The biggest milestones this month have been rolling over and her demonstrating how strong she is. Our once chill, lethargic baby discovered how to roll and cannot stay off her stomach. Gone are the days of squawking and crying for tummy time to be over. She spends all of her independent time on her stomach, and wriggles and gets frustrated when she can crawl forward. She loves when we help her stand on her legs, and she can bear most of her weight, the whole time a big, goofy, proud grin splashed across her face.
Another big milestone this month has been sleeeeeeep. When she went her ten week appointment to meet her new pediatrician (our insurance switched with Nik's new job) her doctor said, "Make sure you lay her down drowsy." And I immediately thought, "Yeah, good one lady." Charlie had been sleeping in our room in a combination of half the night in the cradle, half the night in our bed. She was the most wriggly, grunty baby ever. I'd find myself at 4:30 in the morning, asleep sitting up with her nursing asleep thinking, 'How did we even get here?' I figured, every time she was getting super grunty, I was half asleep pulling her out to nurse. Sometimes if we co-slept she'd skip middle of the night feedings, but since we were out of the newborn phase I felt like something needed to change. So, during a 3:30 AM feeding I had a revelation: it was time for the crib. I went out the next day, bought some baby monitors and a sound machine, and decided from then on she was sleeping in the crib. She took all her naps in the crib that day, meanwhile I read some dumb sleep book that encouraged (I think it's called) "progressive cry-it-out". I wasn't going to let her cry. I was prepared for me to spend every hour nursing her back to sleep. Instead, it was a pretty good night. She woke up for a 1:30, 3:30, and 6:30 feeding. (I didn't sleep at all, for fear that the baby monitor was going to stop working.)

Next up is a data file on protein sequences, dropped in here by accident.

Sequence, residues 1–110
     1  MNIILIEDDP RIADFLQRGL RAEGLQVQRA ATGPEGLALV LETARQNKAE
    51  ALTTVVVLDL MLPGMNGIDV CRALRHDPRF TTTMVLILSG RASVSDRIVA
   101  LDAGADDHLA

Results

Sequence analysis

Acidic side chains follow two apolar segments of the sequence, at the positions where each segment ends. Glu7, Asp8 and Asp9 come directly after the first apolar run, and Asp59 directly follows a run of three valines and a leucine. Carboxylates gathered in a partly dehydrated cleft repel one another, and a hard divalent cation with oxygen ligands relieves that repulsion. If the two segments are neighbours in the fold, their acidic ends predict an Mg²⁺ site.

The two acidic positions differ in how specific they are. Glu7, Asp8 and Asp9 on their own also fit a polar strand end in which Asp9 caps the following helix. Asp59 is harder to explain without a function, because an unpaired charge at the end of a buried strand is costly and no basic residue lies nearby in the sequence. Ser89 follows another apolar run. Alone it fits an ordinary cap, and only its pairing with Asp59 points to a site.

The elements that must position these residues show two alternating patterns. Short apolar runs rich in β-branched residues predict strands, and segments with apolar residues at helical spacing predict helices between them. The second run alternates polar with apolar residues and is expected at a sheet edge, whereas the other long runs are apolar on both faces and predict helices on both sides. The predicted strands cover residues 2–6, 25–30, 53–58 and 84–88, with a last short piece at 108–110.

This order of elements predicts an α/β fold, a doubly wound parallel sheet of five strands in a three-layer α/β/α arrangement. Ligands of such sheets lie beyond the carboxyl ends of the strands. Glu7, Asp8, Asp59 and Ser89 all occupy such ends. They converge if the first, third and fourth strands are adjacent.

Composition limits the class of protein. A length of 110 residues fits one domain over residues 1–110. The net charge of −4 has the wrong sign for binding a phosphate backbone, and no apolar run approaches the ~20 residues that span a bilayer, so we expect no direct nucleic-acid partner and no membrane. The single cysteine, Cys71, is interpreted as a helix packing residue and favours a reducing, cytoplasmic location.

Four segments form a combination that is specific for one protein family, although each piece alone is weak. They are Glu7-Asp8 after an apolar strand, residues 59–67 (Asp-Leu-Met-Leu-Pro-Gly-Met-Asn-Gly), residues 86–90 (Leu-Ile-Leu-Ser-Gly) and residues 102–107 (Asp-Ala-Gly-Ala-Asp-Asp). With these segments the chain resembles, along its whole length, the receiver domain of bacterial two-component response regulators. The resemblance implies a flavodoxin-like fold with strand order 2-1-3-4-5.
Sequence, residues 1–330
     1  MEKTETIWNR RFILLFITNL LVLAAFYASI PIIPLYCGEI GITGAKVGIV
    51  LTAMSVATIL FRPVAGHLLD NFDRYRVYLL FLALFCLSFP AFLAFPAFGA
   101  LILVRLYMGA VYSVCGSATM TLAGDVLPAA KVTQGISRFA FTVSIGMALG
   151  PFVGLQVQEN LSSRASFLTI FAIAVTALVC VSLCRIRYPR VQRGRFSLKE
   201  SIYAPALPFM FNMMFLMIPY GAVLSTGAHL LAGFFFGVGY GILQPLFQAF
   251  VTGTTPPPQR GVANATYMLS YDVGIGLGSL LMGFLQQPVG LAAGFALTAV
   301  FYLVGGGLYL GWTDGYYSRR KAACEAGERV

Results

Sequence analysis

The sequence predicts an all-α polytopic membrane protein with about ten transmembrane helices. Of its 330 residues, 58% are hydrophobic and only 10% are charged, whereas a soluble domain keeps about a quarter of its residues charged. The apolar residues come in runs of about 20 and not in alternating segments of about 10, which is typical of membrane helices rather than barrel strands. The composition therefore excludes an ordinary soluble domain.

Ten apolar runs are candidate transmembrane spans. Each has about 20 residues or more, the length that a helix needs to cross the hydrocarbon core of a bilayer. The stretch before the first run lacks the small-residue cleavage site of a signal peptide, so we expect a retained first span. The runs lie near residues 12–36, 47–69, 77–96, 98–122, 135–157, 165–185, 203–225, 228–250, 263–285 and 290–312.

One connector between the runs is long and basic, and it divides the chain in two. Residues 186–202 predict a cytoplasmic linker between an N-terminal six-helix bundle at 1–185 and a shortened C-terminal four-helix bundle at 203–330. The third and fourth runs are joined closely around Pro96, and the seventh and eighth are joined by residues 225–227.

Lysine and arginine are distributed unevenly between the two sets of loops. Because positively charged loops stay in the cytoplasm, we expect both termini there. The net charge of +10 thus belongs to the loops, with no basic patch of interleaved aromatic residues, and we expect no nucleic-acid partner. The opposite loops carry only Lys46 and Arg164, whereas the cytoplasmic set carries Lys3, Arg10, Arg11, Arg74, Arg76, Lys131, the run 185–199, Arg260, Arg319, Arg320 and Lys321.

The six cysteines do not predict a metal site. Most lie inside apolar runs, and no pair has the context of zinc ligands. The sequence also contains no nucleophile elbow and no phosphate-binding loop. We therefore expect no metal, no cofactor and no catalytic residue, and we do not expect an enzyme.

That was a month ago, and the whole sleeping in the crib thing couldn't be going better. She takes a bath a 6:30 pm, feeds for half an hour to an hour, and then sleeps until 4:00 in the morning, and then back down until 7:00 or 8:00. Most nights, we can lay her down awake and she'll chat with herself and roll around until she falls asleep. But some nights are harder, and she needs more cuddles and nursing and crying because she skipped a nap or something to fall asleep. I still nurse her to sleep for all her naps, unless we are on the go and she falls asleep in the Ergo.
Charlie has transitioned into a pretty easy going baby, with the exception of her carseat. She hates it so much. There aren't a lot of remedies to fix the situation. So for the most part, we just tough it out, and turn the music up to drown out her whines and screams. She knows I'm a sucker, and if I sit in the back with her screams her head off until we pull over. However, when Nik hops in the back with her, they play and laugh. As a result, I have evolved into the Hill Family Chauffeur.
Charlie's good behavior for Nik in the car is because she knows his time is a hot commodity. His new job has him working long hours, so a lot of the time they only see each other every other day. When he gets ready in the morning and comes home at night, he hopes that she will be awake so they can play. She saves all her best laughs for him, which is insulting, because he barely even has to try! He can just lift his head a certain way and she'll belly laugh. Meanwhile, I spend all my days cha-chaing and singing in a one woman show trying to get her to giggle.
Charlie is sweet and sensitive. She gets worried and cries with me when I cry, and gets giggly and hyper when I laugh, dance, and sing with her. We mirror each other's emotions and she is my favorite little buddy. Charlie loves going outside, so I'll scoop up a big blanket and we'll lay in the shade as she exercises her newfound voice, while I read a book next to her.
Before I became a mom, a fearful thought I had was, 'How am I going to manage to fill my day?'. But we have found a routine that I love. We fill our days with running one errand, going for walks or runs, reading books, nursing, napping, chatting, and lots and lots of play time. Granted, we are extremely lucky to have family close so a few days a week I spend an afternoon at my mom's. It all feels very structured and fulfilling.